- Isn’t that what being an “artist” is all about? Creating your own look and taking the time to do so. In a way that just makes people dependent on actions fashion models rather than the actual designer/artist. Great topic Jodi. 🙂 and rich…i totally agree with you on the analogies.
- No cheating here! Actions are a blessing that make editing easier…
- I don’t think it matters if you know how Photoshop works or not–besides I think what is really meant by that is whether or not you actually know how to use PS, not how it works (that’s knowing code and I don’t find that necessary to my life). I am amazed at the number of pro photographers who don’t know the basics–like how to crop an image in PS. Lots of people who use it know only how to open an image, apply an action or two and save it.
- What matters is if you understand what you’re doing and why you want to do it and if you understand the underlying principles of image and design. A bad image is still a bad image, no matter how much time you spend on it. Rather like trying to make a silk purse out of a sow’s ear.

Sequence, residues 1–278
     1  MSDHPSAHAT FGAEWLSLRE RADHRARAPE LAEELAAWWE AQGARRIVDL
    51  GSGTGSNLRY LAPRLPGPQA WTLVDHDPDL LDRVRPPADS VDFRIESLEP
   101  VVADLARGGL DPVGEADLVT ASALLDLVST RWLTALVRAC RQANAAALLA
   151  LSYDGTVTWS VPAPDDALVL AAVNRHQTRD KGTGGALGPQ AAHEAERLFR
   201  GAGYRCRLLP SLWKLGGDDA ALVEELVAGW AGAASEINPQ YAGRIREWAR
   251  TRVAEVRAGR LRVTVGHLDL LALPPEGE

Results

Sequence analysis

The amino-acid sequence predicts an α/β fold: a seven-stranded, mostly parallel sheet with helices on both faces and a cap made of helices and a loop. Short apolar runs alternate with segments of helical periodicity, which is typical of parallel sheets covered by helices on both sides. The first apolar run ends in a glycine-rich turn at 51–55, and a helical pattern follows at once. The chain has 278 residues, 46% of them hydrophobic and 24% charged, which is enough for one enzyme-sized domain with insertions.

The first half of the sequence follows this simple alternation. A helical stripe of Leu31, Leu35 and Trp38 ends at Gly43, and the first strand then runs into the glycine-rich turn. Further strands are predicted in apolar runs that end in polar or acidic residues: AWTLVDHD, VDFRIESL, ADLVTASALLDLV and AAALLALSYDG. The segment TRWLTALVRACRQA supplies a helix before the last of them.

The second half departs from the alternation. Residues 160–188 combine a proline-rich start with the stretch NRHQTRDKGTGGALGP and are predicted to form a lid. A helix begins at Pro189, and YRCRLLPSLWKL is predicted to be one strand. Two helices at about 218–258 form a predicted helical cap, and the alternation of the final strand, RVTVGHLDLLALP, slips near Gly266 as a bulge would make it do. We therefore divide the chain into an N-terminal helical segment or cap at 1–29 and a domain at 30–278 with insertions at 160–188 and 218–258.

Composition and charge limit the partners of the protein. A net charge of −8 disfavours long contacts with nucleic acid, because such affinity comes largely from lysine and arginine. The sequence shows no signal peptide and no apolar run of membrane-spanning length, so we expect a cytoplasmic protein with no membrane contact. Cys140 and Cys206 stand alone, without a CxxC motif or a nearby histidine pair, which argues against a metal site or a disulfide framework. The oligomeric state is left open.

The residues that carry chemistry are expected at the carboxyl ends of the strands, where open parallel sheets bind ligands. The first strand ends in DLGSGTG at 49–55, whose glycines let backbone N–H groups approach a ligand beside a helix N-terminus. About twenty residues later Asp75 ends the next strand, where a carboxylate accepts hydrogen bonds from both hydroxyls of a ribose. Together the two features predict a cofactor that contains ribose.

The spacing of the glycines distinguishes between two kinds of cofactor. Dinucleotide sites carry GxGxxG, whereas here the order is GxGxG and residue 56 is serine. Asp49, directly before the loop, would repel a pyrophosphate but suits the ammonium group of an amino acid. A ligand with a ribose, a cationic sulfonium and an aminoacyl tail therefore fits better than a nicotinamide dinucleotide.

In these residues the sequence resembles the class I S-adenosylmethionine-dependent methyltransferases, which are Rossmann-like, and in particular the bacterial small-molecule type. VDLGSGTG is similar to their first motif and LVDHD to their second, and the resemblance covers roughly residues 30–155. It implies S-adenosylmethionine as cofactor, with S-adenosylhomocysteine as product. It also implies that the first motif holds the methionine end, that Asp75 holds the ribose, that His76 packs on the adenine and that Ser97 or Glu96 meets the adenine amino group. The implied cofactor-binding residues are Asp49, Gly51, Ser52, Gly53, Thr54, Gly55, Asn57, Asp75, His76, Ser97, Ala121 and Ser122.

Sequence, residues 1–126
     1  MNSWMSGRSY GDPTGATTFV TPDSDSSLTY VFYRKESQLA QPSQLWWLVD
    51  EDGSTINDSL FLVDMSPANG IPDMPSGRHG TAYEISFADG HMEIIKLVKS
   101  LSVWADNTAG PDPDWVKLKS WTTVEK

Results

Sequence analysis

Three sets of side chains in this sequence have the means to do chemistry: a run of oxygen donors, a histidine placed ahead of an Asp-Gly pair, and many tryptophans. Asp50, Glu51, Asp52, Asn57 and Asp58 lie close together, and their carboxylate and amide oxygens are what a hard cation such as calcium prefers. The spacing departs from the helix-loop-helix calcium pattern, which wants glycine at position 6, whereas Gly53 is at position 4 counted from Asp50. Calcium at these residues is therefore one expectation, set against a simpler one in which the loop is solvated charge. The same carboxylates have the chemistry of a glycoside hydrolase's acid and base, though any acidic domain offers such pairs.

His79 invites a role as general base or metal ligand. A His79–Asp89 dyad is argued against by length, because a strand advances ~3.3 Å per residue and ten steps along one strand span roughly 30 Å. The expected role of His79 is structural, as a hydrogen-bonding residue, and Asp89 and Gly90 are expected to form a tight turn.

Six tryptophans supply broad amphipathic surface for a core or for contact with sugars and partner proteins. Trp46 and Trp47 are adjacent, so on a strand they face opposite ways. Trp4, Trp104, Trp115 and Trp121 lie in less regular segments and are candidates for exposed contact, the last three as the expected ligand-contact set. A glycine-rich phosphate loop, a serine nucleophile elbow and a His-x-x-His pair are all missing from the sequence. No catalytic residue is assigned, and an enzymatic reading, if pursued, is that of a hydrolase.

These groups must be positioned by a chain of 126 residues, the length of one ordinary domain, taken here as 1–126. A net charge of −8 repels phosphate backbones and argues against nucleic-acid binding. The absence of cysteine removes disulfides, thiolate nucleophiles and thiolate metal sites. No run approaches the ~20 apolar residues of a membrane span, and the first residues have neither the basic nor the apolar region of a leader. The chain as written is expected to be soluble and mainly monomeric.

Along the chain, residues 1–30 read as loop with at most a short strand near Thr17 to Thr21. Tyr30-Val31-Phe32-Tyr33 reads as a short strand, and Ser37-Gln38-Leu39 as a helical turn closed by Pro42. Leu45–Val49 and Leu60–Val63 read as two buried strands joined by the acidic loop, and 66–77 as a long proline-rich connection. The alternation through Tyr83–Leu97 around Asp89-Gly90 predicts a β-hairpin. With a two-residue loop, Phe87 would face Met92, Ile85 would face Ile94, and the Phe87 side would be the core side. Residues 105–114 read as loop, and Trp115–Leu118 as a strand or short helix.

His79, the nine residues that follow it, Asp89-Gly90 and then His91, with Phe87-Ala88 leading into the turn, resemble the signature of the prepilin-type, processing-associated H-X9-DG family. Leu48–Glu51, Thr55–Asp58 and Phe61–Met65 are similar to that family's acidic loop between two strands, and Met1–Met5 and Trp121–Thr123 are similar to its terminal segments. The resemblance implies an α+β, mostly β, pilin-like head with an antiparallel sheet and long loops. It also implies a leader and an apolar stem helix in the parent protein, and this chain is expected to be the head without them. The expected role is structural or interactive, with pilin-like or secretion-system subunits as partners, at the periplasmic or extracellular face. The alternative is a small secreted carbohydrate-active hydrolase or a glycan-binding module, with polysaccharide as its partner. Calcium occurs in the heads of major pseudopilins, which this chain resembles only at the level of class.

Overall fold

- Kids always ask those simple but thought provoking questions. I love it!
- It’s not cheating… It’s all good. Come on, we purchase and enjoy off the rack clothing yet, most cannot sew a stitch. We eat ready made bakery treats yet, many have never made a cake from scratch… They serve a function. If one wants to learn the nitty gritty of Photoshop to have a full understanding and appreciation then that’s good too!
- And in a way they force photographers to learn Photoshop. They may not understand why they do what they do but they need to understand the “what” and “how to control” them for best results.” The problem is that some do not do that and just run the action as is or batch them.
- no more cheating than using an oven cook dinner.
- Definitely not cheating in my opinion. I agree that they allow you to create a consistent look for a session without having to keep doing the same thing to a similar image over and over again. And I also think it takes an artistic eye and is part of the creative process to choose which action to use, how much of it to use, how to make it really work with that image. It’s all artistry to me. Just like sometimes we have to swap a head or fix a few wrinkles on a face – anything that can make your image look better for your client is a good thing. And faster workflow equals a more reasonable investment for your clients! I’ll use the analogy of a recipe… just because I use a cookbook and follow a recipe doesn’t mean that I didn’t make that yummy meal.